Adrienne McLean DTM – SpeakersTrainingCamp International Instructor and the Founder of The Speakers Practice – Adrienne specialises at The Speakers Practice helping clients to confidently deliver presentations for maximum impact for sales presentations, pitching to Investors, promotional presentations etc.

Adrienne has been training presenting to camera programs since 2012 and has been coached by Lou Bortone – US Video Marketing Expert.

 You can contact Adrienne on adrienne@thespeakerspractice.com.au or ring on 0414 367 960.

The Importance of Communication when the Business is attempting to adapt to Change.

Let’s get you out of your comfort zone. Instead of talking business, let’s start with a little philosophy. A man called  Heraclitus, an ancient Greek philosopher said “No man ever steps in the same river twice, for it’s not the same river and he’s not the same man”

Change cannot be avoided. Yes, you can resist it for awhile, but change is like going on a train: You can hop along for the ride or it will pass you by. Skip too many trains and you will never get to your destination. This kind of philosophy applies to a business when undergoing change.

A lot of times it is hard to move into new waters but here are a couple of tips to help your business through change for the better.

1. Understand the Big Picture

Instead of losing yourself on where you want the business right now, start thinking about where you want the business to be several years down the track. That is your map, the place you want to be.

Your vision is the map and the change are the directions. While the directions may look daunting, you will understand that there is a light at the end of the tunnel and hopefully that will motivate you to keep going.

2. Be Positive

If you have a negative attitude, you tend to worry about failure. If you are negative about the change, you have already failed. If you have a negative attitude, your employees may become Mr. Sad, Mr. Angry or Little Miss Trouble themselves.

People don’t like working with others if they have a negative attitude and they will resist change, making it more likely that your change initiatives will not succeed.

Maintaining a positive attitude to change leads to the likelihood that employees will be more accepting of that change. Fearing change is normal, but accepting that fear is key and finding positivity within yourself is likely to influence your employees towards the changes you set out to make.

You know you have succeeded with change if the employees turn into Mr. Happy and Little Miss Sunshine

3. Communicate to others

It’s very easy for a boss or an owner to be locked up in a room and send a form email to employees about the changes you intend to make and hope the change occurs outside the confines of the office.

Form letters are good at making sure everyone gets that message, but it can be bad for the lack of two-way communication. Make sure people can ask questions about your change initiatives and make sure you can answer them. Talk to other people who have undergone a similar process and what they have experienced.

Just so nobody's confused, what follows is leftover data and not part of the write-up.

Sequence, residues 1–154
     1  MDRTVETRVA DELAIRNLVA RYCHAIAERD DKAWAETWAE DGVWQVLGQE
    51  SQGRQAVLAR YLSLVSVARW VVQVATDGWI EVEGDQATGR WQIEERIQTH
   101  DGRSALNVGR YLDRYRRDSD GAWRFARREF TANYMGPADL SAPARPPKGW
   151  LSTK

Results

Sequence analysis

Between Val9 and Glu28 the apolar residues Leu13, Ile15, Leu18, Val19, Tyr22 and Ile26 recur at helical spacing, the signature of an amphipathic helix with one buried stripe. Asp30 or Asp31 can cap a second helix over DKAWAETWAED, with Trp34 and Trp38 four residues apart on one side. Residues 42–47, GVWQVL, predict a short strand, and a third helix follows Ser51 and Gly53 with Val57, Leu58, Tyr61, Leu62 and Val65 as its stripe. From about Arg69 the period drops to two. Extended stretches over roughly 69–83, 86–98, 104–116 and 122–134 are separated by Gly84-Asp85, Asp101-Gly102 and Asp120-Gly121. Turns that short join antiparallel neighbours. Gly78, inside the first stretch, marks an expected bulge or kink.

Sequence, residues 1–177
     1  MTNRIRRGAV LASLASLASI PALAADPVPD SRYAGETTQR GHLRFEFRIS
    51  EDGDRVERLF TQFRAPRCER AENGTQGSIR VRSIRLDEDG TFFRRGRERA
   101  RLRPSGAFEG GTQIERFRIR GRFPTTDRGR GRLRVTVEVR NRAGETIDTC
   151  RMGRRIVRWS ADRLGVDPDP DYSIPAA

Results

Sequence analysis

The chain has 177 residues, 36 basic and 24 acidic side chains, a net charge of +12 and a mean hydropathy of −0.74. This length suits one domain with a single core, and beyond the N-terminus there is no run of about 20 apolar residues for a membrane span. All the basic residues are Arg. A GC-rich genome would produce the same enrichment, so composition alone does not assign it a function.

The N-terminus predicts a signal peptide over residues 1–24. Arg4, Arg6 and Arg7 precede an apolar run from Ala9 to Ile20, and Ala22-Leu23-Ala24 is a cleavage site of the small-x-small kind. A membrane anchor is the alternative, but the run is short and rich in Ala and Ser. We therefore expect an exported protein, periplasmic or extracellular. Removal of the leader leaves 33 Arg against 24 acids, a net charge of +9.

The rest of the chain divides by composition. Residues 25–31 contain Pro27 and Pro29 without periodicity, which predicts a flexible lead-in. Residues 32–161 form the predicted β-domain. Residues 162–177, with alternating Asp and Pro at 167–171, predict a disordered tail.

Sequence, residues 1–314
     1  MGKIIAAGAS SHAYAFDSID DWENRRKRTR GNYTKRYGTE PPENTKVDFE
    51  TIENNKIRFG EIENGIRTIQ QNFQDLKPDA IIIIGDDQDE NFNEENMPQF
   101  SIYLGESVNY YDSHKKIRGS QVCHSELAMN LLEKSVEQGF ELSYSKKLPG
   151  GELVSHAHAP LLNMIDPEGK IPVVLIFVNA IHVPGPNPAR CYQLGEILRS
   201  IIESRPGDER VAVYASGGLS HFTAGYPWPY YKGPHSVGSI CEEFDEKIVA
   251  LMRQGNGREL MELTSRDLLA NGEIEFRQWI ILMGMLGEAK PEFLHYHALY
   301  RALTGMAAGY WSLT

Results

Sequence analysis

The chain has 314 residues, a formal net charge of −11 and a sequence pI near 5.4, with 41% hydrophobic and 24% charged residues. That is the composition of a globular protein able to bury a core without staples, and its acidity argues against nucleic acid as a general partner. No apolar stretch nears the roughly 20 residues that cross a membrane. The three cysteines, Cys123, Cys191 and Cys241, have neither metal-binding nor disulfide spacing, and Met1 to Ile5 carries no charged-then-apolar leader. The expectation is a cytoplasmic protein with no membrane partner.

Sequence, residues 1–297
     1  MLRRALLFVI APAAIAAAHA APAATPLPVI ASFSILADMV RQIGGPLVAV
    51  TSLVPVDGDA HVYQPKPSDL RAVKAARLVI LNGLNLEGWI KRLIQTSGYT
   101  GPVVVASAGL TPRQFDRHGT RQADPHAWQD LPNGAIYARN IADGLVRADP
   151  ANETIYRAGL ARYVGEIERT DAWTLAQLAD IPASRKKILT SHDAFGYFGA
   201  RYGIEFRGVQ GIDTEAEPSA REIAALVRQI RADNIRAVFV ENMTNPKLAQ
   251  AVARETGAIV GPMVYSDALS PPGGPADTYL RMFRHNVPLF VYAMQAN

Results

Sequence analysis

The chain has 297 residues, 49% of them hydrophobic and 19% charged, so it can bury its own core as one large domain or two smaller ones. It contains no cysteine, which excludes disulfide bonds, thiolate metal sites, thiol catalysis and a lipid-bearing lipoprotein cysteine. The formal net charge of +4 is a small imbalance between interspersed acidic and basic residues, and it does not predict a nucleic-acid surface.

With the flow of information, people become more informed and therefore make better decisions. While change is being implemented, it can make the process easier when everyone is informs and on the same path.

4. Don’t Give Up!

Determination is a great quality in business. If you follow step 1 in the guide and look at the big picture, not giving up is an invaluable tool to change not only in business but in life.

For example, if I wanted to lose weight and gain abs, I know that if I exercise regularly, perform abdominal exercises with a healthy diet, I can achieve that in about 4-6 months. However, if I quit after the first exercise session, I will never get the abs I want.

Similarly, in business, if you know the right strategy to achieve your business goals, you have to know that the change is not always going to be easy. As a matter of fact, it might suck. However, if you have determination, you will have a better chance to get through the hardest parts of the change and you may be able to achieve your business goals.

The Bottom Line

I believe that the attitudes towards business (and corporate culture in general) come from a top-down approach. What the CEO thinks, feels and acts will seep down all the way to the bottom of the employee working totem pole.

That is why these tips are about attitude and organization. If the times are a changin’ and you can adapt to it in your mind and your actions, your coworkers will likely go through the change in the workplace a lot easier than a company who fear change and believe it is the enemy.

Nelson Cumming is an enthusiastic business blogger with AdrienneMcLean.com with a keen interest in Marketing and PR.

Adrienne McLean DTM – SpeakersTrainingCamp International Instructor and the Founder of The Speakers Practice – Adrienne specialises at The Speakers Practice helping clients to confidently deliver presentations for maximum impact for sales presentations, pitching to Investors, promotional presentations etc.

Adrienne has been training presenting to camera programs since 2012 and has been coached by Lou Bortone – US Video Marketing Expert.

 You can contact Adrienne on adrienne@thespeakerspractice.com.au or ring on 0414 367 960.